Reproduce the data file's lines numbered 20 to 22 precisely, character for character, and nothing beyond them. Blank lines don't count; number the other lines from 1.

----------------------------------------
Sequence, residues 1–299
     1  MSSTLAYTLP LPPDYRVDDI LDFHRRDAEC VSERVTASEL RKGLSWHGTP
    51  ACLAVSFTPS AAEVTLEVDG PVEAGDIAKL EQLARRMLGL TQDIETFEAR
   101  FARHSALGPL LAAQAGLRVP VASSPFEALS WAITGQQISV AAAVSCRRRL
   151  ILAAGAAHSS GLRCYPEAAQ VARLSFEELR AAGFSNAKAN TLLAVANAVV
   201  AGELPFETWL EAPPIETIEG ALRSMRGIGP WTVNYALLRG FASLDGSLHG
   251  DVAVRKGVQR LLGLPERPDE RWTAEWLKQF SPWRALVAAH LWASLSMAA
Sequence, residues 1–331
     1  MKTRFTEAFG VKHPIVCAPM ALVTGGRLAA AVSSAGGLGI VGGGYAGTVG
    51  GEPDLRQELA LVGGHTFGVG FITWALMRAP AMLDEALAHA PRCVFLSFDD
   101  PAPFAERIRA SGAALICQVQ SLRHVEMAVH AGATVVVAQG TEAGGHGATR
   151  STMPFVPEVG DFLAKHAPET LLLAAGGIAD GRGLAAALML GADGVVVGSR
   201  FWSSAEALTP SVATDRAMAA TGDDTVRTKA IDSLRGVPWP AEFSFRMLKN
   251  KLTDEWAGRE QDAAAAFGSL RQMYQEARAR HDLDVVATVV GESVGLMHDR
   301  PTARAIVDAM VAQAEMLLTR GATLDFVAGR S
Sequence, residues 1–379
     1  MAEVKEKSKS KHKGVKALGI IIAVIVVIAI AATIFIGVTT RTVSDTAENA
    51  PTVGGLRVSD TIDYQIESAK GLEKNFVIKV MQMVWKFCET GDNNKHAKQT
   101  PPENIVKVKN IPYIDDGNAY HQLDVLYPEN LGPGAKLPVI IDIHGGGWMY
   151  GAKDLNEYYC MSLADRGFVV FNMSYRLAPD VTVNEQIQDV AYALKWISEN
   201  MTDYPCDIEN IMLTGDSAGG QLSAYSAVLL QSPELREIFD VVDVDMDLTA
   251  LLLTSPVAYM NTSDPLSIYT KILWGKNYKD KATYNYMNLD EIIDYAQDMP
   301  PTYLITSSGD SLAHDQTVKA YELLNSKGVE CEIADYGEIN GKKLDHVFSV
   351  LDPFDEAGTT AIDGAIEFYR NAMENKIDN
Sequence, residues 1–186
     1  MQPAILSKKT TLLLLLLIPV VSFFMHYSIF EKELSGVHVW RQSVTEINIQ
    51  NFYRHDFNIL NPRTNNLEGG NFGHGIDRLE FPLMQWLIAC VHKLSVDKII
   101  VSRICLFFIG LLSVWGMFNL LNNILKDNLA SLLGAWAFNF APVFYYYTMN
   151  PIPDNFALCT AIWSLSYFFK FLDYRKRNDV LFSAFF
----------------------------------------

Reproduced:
   151  GAKDLNEYYC MSLADRGFVV FNMSYRLAPD VTVNEQIQDV AYALKWISEN
   201  MTDYPCDIEN IMLTGDSAGG QLSAYSAVLL QSPELREIFD VVDVDMDLTA
   251  LLLTSPVAYM NTSDPLSIYT KILWGKNYKD KATYNYMNLD EIIDYAQDMP